Mayra Ligeza, from the Alzheimer's Association, recently presented a Brunch Series at The Scottish Home that examined “Effective Communication Strategies.” She explained, “communication is more than just talking and listening – it’s also about sending and receiving messages through attitude, tone of voice, facial expressions and body language. As people with Alzheimer’s disease and other dementias progress in their journey and the ability to use words is lost, families need new ways to connect. Learning to decode the verbal and behavioral messages delivered by someone with dementia or Alzheimer’s can help you connect and communicate at each stage of the disease.”

A few effective tips for successful communication are:

Mild Alzheimer’s:
       Don’t exclude them from conversations. Talk directly to them.
       Take time to listen to how the person is feeling and if they need anything.
       Be patient and give them time to find the right words and respond. Don’t interrupt or finish their sentences unless they ask for help.

Moderate Alzheimer’s:
       Keep eye contact. It communicates you are active listening and that you care about what is being said.
       Speak slowly and clearly.
       Don’t overwhelm the person with complicated requests. Offer simply, step-by-step instructions.

Severe Alzheimer’s:
       Promote nonverbal communication, e.g. pointing and gesturing.
       Utilize touch, sights, sounds, smells and tastes as another way to convey experience.
       Remember - it is OK if you don’t know what to say. The most important thing is your friendship and presence.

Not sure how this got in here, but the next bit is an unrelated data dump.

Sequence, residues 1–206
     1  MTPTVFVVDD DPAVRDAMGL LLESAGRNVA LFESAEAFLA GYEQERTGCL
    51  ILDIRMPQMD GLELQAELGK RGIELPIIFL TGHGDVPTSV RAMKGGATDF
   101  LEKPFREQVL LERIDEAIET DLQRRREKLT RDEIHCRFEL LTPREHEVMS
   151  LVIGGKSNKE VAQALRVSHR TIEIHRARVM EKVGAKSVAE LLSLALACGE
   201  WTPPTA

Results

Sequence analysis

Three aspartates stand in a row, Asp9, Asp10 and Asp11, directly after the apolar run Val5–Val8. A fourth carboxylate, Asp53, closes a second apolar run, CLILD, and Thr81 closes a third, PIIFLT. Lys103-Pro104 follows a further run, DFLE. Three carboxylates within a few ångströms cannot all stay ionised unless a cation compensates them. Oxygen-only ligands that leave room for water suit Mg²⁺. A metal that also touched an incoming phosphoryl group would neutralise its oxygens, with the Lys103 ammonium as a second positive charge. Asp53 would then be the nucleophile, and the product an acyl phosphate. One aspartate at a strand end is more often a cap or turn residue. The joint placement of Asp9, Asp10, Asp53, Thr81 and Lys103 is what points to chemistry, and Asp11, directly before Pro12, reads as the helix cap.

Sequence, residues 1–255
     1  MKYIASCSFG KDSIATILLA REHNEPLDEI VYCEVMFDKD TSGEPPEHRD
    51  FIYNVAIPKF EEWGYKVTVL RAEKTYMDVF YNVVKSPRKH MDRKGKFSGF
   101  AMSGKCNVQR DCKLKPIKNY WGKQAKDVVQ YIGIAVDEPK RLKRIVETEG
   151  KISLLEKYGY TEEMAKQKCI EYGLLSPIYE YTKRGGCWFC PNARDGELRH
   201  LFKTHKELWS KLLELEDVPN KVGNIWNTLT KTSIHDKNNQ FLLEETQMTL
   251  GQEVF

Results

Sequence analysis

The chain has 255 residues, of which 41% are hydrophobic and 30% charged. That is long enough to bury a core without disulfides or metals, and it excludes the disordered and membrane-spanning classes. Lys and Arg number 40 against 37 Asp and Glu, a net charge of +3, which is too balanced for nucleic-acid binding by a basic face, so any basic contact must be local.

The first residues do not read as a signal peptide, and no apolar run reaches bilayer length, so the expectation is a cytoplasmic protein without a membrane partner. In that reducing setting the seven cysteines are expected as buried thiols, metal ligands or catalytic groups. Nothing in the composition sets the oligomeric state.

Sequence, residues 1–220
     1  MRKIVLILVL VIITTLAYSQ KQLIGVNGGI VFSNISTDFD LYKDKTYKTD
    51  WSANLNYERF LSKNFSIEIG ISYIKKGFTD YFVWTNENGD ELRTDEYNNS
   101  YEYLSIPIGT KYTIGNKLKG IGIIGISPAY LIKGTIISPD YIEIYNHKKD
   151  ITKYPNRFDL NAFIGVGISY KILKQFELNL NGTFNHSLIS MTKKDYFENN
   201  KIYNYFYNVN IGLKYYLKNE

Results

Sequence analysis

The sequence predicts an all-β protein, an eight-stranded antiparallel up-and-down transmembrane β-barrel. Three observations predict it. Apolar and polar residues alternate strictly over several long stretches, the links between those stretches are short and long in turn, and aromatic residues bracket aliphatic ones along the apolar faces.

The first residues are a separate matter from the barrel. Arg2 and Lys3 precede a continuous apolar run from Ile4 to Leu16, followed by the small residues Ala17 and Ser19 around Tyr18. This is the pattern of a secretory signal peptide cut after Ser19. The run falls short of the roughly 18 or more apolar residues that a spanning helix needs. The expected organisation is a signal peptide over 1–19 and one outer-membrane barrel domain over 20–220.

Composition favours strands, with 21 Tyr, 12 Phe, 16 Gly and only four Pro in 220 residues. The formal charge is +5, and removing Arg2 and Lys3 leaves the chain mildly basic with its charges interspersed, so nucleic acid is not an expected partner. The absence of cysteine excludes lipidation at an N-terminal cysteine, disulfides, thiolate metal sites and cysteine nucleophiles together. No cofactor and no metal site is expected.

Looking for more tips? We highly recommend exploring the Alzheimer’s Association's webpage. They have a host of resources and information, including more tips on effective communication strategies:

The Scottish Home regularly hosts events with expert presenters that examine issues involving elder care; including our regular Memory Care Brunch Series, every 2nd Friday of the month, from 9am - 11am. We would love it if you could join us. Check our Facebook page or website for upcoming events. Call Rebecca Drennan to RSVP: 708-447-5092.

Tuesday, January 17, 2017

Senior Living That Feels Like Home

Senior Living That Feels Like Home
Putting loved ones into a senior living facility can create more worry than relief for family members who wonder if they are making the right decision. If your parents are struggling with dementia or Alzheimer’s disease, there is even greater importance that their new living space feels like a home and not a hospital. The Scottish Home and the Caledonian House in North Riverside, Illinois offers a unique living arrangement that provides you with peace-of-mind knowing that your loved one is well cared for. Here are five unique advantages to The Scottish Home:

1.     A step above assisted living – The Scottish Home is licensed to provide Sheltered Care. This means that we offer your loved one the same level of care they would get in assisted living, plus nursing care around the clock. We give personalized assistance based on patient need as well as friendship, emotional, and physical support for whole patient care. In addition, our residents get three meals a day, housekeeping, beauty and barber shop services, and regular activities and outings.